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Canada’s aid to Mali evolved from largely bricks-and-mortar projects toward an emphasis on education, rural development and food production. (Alain Beauregard)
Canada’s aid to Mali evolved from largely bricks-and-mortar projects toward an emphasis on education, rural development and food production. (Alain Beauregard)

What Canada means to Mali, and Mali means to Canada Add to ...

The bright-red Massey Ferguson tractor should have left the Port of Montreal last week. But instead of being en route to the sorghum and millet fields of sub-Saharan Africa, it sits in a snow-covered barn between Montreal and Trois-Rivières, waiting for peace and stability to return to Mali.

The $40,000 machine is a gift from the 1,560 residents of tiny Sainte-Élisabeth to Sanankoroba, the village in southern Mali they “adopted” 28 years ago. Canada World Youth brought young people from both countries to spend the summer of 1985 working in town. Then they headed off to Africa, and the Canadians came back with tales of living conditions so dire – farmers breaking ground with pickaxes, families with little to eat – that Sainte-Élisabeth decided it had to do something, from one farming community to another.

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“ ‘Help us free ourselves from humanitarian aid’ – that is what they asked us,” Mayor Mario Houle recalls. Over the years, residents have raised money to buy plows, carts, cattle and donkeys, and to finance projects proposed by Sanankoroba.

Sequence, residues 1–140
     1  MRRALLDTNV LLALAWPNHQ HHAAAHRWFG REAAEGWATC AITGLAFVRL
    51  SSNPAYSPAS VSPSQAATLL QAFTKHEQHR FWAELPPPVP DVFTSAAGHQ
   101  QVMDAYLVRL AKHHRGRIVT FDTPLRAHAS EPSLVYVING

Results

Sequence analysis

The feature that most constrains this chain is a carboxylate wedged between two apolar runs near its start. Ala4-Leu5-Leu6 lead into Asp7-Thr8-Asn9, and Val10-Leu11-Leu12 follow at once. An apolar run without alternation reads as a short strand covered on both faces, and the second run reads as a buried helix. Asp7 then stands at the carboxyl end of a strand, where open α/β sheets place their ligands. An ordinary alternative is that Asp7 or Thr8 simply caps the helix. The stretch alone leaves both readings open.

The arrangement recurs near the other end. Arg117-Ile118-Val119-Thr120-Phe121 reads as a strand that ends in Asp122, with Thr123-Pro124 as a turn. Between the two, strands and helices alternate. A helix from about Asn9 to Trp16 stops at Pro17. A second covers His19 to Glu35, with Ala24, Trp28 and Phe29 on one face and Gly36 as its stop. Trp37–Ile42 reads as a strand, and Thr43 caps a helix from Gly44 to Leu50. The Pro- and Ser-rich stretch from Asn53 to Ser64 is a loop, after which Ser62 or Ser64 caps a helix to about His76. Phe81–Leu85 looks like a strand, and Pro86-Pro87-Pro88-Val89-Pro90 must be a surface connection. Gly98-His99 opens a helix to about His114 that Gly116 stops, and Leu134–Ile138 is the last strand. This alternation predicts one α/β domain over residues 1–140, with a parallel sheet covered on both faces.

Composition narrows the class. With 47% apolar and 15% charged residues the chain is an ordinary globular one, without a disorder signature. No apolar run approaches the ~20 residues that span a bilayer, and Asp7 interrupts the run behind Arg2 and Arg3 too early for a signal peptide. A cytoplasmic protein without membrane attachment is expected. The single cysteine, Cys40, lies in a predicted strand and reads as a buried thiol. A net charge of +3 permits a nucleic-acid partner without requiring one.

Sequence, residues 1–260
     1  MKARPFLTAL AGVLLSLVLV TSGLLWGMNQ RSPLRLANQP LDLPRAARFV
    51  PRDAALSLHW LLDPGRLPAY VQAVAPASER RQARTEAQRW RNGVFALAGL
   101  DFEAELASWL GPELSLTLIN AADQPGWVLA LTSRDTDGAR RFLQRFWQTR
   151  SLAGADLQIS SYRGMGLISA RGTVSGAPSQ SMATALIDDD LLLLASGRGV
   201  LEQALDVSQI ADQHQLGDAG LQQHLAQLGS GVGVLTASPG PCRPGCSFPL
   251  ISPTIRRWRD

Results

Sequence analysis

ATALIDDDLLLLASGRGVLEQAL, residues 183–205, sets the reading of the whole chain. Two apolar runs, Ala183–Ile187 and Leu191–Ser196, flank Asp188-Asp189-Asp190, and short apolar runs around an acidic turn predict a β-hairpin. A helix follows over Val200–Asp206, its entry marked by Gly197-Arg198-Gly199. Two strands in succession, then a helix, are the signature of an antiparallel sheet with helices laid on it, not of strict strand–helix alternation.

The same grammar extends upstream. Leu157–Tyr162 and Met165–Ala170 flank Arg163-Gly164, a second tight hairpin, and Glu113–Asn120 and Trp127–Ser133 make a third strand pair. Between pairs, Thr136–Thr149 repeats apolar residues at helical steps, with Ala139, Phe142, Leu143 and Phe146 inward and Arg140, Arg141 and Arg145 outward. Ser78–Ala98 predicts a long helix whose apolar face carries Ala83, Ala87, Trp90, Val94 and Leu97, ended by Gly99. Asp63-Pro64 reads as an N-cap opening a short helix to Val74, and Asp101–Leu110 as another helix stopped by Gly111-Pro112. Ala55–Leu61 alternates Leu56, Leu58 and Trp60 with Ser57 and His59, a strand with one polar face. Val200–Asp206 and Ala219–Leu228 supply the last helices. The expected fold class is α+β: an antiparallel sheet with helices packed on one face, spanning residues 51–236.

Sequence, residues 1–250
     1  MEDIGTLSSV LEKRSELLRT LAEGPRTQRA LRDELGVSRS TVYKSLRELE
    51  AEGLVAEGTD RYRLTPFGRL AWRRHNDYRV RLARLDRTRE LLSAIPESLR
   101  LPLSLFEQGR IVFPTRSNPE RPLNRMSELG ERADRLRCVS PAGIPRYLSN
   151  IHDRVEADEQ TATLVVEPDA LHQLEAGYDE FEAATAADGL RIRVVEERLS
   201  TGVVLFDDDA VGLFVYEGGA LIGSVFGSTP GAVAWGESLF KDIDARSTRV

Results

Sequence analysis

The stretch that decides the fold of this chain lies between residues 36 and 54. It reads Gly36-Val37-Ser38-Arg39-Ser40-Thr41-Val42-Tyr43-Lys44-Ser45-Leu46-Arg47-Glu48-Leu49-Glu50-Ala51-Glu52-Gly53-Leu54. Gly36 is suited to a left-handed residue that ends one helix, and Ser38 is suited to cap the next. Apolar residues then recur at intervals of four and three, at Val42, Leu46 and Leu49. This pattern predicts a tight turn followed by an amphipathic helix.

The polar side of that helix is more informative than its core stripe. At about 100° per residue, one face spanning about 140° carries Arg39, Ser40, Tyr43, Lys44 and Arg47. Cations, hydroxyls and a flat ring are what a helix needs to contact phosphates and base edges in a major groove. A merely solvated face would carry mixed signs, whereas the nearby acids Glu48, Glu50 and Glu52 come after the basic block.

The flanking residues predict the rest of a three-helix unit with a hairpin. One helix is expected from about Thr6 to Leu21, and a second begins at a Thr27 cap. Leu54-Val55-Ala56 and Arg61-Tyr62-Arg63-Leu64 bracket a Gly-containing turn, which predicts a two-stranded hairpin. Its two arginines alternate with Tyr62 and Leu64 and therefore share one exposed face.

The red tractor is just their latest donation – much as the $13-million in emergency aid pledged recently by International Co-operation Minister Julian Fantino is far from the federal government’s first contribution to Mali’s cause: Ottawa has spent more than $1-billion there in the past 25 years.

For weeks, vivid reports of the uprising in northern Mali and the destruction caused by rebels while in control of historic Timbuktu have held the public’s attention. Now, with French forces having pushed insurgents back to mountain strongholds, the world watches to see how severe the ensuing humanitarian crisis and guerrilla war will be.

The House of Commons debated Canada’s response this week, with opposition leaders criticizing the Harper government’s “mixed messages”: It resisted French President François Hollande’s repeated requests for troops, and put a short leash on the C-17 cargo plane it lent to the effort.

Yet this remote, landlocked nation of just 15.8 million has remained a leading recipient of Canada’s foreign aid while much of Africa has been cut off. Canadians have helped to finance and build some of Mali’s biggest infrastructure projects – railroads, dams, communications – as well as reforming institutions, services and financial systems.

Why is Mali a priority? Except for a few mining concerns, not many Canadian companies have commercial interests in this country so poor it is 175th of 187 nations in the United Nations’ Human Development Index. And why has so much of Canada’s work there been carried by Quebec businesses?

The reasons have deep roots in the familiar politics of Quebec’s ambitions and federal efforts to rein in and co-opt them. Yet it’s hard to say how much benefit the aid has brought either nation.

There are some obvious reasons for the Quebec connection: Mali was a French colony until 1960, and so shares a linguistic bond. As well, members of Quebec religious communities such as the Pères Blancs (White Fathers) have been in western Africa for decades.

But the special relationship had its genesis in the wake of Expo 67, when a high-flying Quebec began to reach out to the world just as Canada was trying to develop a foreign policy independent of the Commonwealth.

With Ottawa keen to isolate the increasingly independence-minded province, francophone Africa was an important place to be.

In 1968, the year the Canadian International Development Agency (CIDA) was created to administer foreign aid, Ottawa sent diplomat Lionel Chevrier to woo western Africa’s impoverished former French colonies.

The implicit message: Canada had more to offer than a sovereign Quebec ever could.